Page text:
Benoit says that one of the goals of the exhibition is to make clear the importance books have in a person’s life story.
“During his introduction, we learn about what Manguel explored, where he went, and what accompanied him throughout his life,” he says. “Those things were his books. They define what a personal library is – a library is the story of oneself. [Our exhibit] is about a transfer from a personal library to a public library, where the goal is to accumulate all the knowledge we all have."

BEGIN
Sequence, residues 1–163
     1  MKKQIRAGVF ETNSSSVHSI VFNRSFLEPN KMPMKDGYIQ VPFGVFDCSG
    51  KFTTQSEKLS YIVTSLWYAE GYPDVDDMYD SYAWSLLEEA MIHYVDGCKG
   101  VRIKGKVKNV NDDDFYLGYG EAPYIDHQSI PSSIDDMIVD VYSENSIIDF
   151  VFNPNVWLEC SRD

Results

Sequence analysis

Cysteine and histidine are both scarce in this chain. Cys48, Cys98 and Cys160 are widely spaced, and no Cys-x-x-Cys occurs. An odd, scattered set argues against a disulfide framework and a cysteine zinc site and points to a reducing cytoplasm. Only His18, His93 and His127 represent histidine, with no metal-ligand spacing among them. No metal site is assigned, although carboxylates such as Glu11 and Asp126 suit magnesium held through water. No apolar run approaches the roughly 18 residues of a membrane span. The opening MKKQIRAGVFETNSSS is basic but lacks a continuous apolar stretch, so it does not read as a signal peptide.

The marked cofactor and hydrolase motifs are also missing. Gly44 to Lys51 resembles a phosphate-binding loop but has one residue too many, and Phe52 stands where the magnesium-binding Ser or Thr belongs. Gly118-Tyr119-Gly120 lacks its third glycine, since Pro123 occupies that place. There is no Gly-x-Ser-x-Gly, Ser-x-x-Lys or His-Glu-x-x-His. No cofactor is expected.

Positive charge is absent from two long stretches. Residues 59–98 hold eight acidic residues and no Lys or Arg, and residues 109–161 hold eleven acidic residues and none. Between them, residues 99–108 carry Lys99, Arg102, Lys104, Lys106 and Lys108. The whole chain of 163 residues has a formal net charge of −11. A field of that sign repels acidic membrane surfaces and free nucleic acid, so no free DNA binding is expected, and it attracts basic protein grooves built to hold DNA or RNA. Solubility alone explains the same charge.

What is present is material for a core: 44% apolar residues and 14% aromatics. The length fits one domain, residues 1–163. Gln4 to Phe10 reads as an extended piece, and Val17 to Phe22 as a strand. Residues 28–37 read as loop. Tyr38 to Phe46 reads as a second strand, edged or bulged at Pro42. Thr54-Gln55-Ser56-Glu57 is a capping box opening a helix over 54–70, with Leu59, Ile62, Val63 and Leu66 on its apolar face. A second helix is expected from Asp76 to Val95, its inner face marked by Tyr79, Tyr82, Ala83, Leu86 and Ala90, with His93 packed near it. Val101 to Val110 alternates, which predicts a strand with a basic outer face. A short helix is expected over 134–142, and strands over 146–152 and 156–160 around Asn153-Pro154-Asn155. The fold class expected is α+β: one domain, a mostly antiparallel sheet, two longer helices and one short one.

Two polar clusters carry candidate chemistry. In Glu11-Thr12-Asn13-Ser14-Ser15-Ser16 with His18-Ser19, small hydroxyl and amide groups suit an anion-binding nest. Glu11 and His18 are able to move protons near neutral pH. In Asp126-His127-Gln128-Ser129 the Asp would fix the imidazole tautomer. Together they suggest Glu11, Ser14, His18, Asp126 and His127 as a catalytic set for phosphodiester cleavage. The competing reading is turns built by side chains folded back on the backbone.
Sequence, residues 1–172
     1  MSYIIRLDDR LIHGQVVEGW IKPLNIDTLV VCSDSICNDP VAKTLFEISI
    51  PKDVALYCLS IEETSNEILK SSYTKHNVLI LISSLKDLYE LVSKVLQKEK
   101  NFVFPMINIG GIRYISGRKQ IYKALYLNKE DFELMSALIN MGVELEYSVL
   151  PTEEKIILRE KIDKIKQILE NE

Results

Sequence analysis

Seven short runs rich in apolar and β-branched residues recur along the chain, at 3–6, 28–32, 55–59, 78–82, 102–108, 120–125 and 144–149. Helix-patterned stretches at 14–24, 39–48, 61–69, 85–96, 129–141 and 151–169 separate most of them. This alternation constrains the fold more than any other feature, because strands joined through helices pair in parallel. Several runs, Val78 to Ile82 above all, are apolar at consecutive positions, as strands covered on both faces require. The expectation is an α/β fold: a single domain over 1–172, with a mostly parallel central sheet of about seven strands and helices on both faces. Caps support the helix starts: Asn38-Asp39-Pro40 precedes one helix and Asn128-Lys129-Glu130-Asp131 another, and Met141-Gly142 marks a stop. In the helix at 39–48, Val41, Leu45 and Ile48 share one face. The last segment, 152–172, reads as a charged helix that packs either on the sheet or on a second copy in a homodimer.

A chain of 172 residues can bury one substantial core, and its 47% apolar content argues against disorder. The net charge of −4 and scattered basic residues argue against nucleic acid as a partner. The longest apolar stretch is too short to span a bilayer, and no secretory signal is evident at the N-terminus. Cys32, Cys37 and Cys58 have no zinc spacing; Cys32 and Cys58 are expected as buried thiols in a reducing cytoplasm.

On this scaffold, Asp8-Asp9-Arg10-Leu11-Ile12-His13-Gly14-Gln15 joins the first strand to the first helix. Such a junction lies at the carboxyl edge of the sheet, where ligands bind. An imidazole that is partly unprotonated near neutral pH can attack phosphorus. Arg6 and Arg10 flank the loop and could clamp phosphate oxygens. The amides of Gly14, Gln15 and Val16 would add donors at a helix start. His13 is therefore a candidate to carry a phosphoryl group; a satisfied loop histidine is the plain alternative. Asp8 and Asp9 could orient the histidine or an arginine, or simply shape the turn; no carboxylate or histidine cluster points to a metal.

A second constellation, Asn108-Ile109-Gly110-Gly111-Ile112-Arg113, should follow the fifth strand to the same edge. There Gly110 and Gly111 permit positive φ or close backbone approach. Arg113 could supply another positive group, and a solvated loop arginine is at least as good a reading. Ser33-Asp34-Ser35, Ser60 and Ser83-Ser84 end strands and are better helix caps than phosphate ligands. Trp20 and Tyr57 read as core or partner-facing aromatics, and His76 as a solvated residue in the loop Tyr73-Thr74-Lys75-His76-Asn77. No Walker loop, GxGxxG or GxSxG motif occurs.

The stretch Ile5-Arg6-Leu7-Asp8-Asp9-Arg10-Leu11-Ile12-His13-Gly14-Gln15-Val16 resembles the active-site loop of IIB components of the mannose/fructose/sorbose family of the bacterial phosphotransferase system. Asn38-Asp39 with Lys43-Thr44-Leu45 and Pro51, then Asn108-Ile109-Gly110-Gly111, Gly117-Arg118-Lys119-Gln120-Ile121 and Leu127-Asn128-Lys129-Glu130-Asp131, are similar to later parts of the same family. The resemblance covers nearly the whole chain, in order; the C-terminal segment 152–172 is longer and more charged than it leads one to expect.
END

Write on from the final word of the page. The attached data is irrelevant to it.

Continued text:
Benoit says the isolation of the VR headsets allows guests to experience the exhibition free of self-consciousness inside a “bubble” that nobody can burst.
“You see books you had when you were a kid, books you have now, and they remind you of what happened in your past when you were reading them,” he says. “When you collect all these in the same space, you have this history about yourself.”
Vincent Simboli is an American journalist based in Montréal. He is a recent graduate of McGill University where he studied international development and Hispanic literature. Simboli primarily covers issues of human migration and immigration reform for the McGill Daily, Forget the Box, Graphite Publications, and New Canadian Media. His portfolio is available at https://www.clippings.me/vincentsimboli.
-- Canada's economic development minister Navdeep Bains at a Public Policy Forum economic summit